Senate budget sets tax relief targets

Prospects for tax relief coming out of this year’s legislative session moved from talk to — well, still just talk, no action, but a bit more specific talk and some ballpark numbers this week in Austin.

State Sen. Jane Nelson, R-Flower Mound, and Lt. Gov. Dan Patrick unveiled the initial $205 billion Senate budget for the 2016-17 fiscal years. Nelson chairs the Senate Finance Committee.

She said the starting budget dedicates $3 billion for “meaningful” property tax relief and $1 billion for reductions in the state’s primary business tax.

“That is relief that taxpayers will actually see and feel,” Nelson said. “Our economy has performed very well in Texas. We are taking in substantial revenue, and we have an obligation to return a large share of those dollars to the people who have worked hard and earned that in the first place.”

The 140-day legislative session is in its early days. It continues until June 1, and lawmakers usually don’t finish wheeling and dealing on the budget until near the end.

The initial House version of the budget does not include a specific allocation for tax relief. House leaders say they’ll wait and see what proposals come from members.

Nelson and Patrick clearly have laid down their markers. The numbers are optimistic, and the two have glossed over the details, but they are not being coy about where they intend to go.

The business tax reduction probably will come as a combination of continuing current exemptions and other measures.

It’s important that relief for individuals is proposed to come through property tax changes. Other options had been mentioned previously, including temporary reductions in the sales tax.

Documents released by the Legislative Budget Board, whose staff works hand-in-hand with lawmakers in crafting the budget, reveal more about the plan.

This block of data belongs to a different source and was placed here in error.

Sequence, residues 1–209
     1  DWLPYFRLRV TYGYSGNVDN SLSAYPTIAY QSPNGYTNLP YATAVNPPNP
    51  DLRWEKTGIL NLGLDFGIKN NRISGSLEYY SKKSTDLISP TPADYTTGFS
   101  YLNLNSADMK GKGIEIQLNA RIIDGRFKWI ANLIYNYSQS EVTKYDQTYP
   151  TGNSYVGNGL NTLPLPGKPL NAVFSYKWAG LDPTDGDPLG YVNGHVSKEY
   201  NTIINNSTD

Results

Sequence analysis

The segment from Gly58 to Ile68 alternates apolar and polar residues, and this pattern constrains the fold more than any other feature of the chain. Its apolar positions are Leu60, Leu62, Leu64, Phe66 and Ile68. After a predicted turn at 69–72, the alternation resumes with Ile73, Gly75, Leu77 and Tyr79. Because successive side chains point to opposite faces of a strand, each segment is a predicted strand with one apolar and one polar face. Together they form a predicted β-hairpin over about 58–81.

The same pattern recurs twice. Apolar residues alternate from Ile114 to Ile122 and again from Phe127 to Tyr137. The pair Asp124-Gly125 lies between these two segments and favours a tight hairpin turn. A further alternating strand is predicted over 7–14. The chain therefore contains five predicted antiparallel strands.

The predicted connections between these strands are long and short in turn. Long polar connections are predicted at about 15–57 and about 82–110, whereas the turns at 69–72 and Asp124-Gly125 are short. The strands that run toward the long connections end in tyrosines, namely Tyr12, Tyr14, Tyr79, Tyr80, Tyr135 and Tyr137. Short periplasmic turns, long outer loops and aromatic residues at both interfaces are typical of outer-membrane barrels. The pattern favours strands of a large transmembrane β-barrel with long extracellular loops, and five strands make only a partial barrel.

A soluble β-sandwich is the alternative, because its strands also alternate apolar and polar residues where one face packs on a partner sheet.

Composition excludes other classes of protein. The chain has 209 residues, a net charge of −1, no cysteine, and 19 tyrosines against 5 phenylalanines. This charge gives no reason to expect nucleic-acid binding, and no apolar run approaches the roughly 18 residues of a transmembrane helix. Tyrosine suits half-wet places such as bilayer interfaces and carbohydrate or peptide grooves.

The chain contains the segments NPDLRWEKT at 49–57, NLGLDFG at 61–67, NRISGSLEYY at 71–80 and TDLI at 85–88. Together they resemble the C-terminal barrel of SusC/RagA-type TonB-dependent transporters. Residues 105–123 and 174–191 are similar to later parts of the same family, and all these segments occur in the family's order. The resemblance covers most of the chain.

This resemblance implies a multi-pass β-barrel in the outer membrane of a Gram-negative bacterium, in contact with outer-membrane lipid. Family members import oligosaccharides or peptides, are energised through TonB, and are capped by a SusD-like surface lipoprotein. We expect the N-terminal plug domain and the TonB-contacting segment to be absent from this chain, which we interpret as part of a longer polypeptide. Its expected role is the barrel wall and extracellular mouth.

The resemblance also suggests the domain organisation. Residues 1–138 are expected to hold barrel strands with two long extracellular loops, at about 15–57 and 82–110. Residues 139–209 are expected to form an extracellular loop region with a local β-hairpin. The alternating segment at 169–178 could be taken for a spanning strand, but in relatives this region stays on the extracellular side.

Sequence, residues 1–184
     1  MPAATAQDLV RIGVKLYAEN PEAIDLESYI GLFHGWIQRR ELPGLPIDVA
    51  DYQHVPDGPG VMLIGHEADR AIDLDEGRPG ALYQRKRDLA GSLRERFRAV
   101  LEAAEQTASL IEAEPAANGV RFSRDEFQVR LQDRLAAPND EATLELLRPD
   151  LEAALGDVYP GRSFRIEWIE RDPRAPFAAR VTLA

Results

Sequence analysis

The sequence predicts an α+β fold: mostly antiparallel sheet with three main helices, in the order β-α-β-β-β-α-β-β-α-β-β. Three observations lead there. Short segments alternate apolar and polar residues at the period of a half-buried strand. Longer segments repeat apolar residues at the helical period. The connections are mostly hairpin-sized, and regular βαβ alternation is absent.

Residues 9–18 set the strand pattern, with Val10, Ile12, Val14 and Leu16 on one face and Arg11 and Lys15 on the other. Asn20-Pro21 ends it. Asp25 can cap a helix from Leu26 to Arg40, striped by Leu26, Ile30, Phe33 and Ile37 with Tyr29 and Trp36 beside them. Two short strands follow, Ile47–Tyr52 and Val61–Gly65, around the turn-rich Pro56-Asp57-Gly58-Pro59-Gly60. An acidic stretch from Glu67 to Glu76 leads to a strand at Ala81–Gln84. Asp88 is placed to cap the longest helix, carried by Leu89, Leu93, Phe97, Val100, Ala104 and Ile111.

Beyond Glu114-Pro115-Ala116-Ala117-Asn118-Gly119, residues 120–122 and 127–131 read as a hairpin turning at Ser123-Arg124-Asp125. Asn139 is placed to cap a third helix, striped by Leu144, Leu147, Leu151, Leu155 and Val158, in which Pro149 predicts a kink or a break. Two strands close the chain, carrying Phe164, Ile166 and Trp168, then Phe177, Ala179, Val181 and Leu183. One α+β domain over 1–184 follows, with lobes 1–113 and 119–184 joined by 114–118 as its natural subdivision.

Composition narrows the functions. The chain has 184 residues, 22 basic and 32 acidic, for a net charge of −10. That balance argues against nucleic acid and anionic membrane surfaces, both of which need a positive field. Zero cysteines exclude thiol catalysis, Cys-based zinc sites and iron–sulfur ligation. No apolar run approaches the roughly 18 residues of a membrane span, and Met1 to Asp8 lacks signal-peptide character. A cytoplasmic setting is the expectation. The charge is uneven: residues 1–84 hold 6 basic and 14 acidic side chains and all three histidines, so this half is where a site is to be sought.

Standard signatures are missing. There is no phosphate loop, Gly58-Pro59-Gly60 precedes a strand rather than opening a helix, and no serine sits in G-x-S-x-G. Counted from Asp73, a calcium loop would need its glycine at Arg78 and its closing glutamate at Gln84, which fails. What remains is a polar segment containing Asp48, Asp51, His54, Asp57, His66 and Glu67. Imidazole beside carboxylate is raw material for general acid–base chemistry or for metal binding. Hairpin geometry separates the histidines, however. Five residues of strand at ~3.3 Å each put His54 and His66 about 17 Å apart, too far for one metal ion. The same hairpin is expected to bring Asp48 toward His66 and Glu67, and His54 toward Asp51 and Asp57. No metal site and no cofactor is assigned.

The $3 billion in tax cuts will be delivered through reductions in school property taxes, although specific mechanisms have not been decided.

Nelson told reporters “we pretty safely can say we’re going to do some homestead exemptions.”

Currently, school districts must reduce the appraised value of a homestead by at least $15,000 before calculating property taxes. The Legislature could raise that amount in increments until it reaches the goal of $3 billion in tax relief.

The state would have to reimburse school districts for their loss.

One of the details that Nelson and Patrick glossed over is that the initial Senate budget does not change school funding formulas.

It does add $2.5 billion in state spending to account for enrollment growth of 83,000 to 85,000 students per year, and that’s good.

In 2011, the Legislature did not fully fund enrollment growth, putting more of a burden on local districts.

A state district judge in Austin has declared the Texas school funding formula unconstitutional. The Supreme Court has agreed to take up that case and is expected to hear oral arguments in the fall.

Under the current formula, state spending on schools goes down dollar-for-dollar as property values increase and local district property tax revenue goes up.

The LBB documents say state obligations to school districts are expected to go down by $4.5 billion in the next budget as local property tax revenues increase by that amount.

So even with $3 billion in tax relief, taxpayers will still be picking up more of the cost of running their local schools.

Patrick said he wants to take other steps to slow down the growth in property taxes.

Specifically, he mentioned “bringing down the value increases that are beyond the reach of many homeowners to keep up with.”

He’s talking about lowering the cap on property tax appraisal increases. That’s been a perennial idea among property tax opponents in the Legislature — and a perennially bad one.

There’s already a 10 percent limit on how much the tax appraisal on a home can go up year-over-year. That’s more than enough distortion in the way this system should work.

The fair way to do tax appraisals is to base them on market values. The tax burden itself can be determined from there through a system of exemptions and annual determination of tax rates by elected officials.

Patrick said lawmakers might decide to make it easier for voters to have input on their tax rates by lowering the “trigger” point at which local revenue increases would require approval in an election.

This budget is only “a starting point,” Nelson said. It’s a good starting point, but there’s much to do before it’s finished.